This readjustment also changed the constituency. In the 1990s and 2000s while the Socialist Party rightfully extended its focus to the youth, women, immigrants, gays and lesbians, it unfortunately lost its connection and relevance to the blue collars. This was a direct consequence of taking a neoliberal direction (albeit moderated) while still pretending to be the Left progressive opposition to that neoliberal ideology. It worked with those who have been benefiting from globalisation (those educated urbans) but faced serious contradictions with demographics hammered by these seismic economic shifts (those blue collars whose industries have been outsourced and off-shored for 2 decades).

The symbolic paroxysm of this neoliberal “betrayal” of the working class has been probably reached in May 2011 when the ‘progressist’ Think Tank ‘Terra Nova’ issued a memo “the Left, which electoral majority in 2012?” advising the Socialist Party to formally give up on the working class on the premise that its natural demographic decline (37% of working people in 1981, 23% in 2012) inevitably translated into electoral decline (“a drop of 40% of the electoral base of the Left”). To counter this trend, Terra Nova recommends to focus instead on “a new electorate: younger, more diverse, more feminine“. You can only imagine the outrage among the true leftist…

The ripple effect on the Right and the Far Right

The Right has also been impacted by the social transformations imposed by the new neoliberal rules. Indeed beyond the blue collars workers, the little independent shopkeepers also experienced the corporatisation of their market, the laws of competitiveness and profitably, the arrival of large franchises forcing small businesses to shut.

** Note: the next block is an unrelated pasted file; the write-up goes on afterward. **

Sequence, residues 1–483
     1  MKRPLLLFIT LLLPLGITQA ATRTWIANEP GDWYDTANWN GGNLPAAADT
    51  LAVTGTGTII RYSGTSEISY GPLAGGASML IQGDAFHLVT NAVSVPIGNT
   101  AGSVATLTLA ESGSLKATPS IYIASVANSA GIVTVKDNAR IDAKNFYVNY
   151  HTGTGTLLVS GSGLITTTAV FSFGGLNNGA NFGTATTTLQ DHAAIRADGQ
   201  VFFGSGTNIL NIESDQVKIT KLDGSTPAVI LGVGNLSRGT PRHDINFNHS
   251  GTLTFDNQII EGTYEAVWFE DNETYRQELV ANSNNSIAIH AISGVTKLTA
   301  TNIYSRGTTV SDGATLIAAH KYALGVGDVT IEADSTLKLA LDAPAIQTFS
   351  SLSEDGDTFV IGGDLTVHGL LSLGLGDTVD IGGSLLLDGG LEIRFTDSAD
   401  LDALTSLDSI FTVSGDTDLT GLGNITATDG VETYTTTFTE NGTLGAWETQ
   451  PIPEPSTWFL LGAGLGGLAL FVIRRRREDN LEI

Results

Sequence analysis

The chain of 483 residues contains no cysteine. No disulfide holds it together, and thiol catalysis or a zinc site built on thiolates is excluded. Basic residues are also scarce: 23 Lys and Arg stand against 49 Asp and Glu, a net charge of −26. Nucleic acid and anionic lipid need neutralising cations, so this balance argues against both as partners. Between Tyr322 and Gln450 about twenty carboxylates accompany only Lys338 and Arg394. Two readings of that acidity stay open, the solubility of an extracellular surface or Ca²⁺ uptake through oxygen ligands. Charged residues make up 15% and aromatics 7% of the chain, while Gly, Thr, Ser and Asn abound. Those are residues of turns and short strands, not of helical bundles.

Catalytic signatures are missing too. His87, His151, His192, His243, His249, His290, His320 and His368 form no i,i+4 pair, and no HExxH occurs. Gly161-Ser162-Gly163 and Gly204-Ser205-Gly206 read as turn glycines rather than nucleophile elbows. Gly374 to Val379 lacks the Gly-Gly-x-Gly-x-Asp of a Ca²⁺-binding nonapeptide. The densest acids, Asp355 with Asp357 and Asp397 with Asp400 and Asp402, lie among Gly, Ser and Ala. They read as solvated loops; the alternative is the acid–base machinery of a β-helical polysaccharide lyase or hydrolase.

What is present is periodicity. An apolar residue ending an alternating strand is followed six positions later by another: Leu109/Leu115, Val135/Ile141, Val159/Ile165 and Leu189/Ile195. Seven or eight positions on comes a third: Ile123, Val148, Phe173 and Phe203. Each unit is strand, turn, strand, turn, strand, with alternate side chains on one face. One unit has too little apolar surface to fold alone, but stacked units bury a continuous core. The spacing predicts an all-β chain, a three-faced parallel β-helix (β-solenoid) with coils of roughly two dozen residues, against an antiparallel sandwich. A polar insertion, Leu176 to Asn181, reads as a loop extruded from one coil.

This has been the perfect storm enabling the National Front to strive. Whilst mainstream parties and the ruling class were themselves struggling to understand what this neoliberal world order meant for them, the drop-outs from the Left and the Right were precipitated into le Pen’s arms.

The primacy of the economic imperative that has depoliticised social issues has made politicians look like they are not in control (bond markets and ratings agencies are), to the point of rejecting on the masses the blame for the situation they find themselves in. Those stigmatised masses have grown more and more resentful of a system dehumanising them and treating them like mere financial parameters.

So what happens when you deny people’s humanity? They start making un-human fascist choices. And because there has to be an explanation for that sad state of affairs, alternative scapegoats had to be found. And as we saw inpart 1 of this post, Jean-Marie le Pen was the best at this game. In a nutshell, in his rhetoric immigrants took the blame for unemployment and crime; whilst politically correct progressives, journalists, artists, urban hipsters, unionists and academics took the blame for colluding as an establishment failing the nation.

Because of intellectual laziness, pure cynicism or slowness to comprehend the impact of the neoliberal changes, the mainstream media and political parties started to echo this scapegoating of immigrants (subliminally depicted as the symptoms of globalisation) instead of recognising that the real problem came from economic and social unfairness.


Reality catches-up with the parody: 2007: parody poster “Vote le Pen”… fast forward 2012: “le Pen is compatible with the (values of the) Republic”

2012: Sarkozy crosses the line

Sarkozy’s despicable attempt to realign his 2012 campaign on the National Front dogma is coming as the climax of a process that has been building-up for years. In 2007 he thought he had isolated the National Front by “siphoning” its electorate. Instead, he has been Marine le Pen’s most efficient press attaché during the 5 years of his presidency.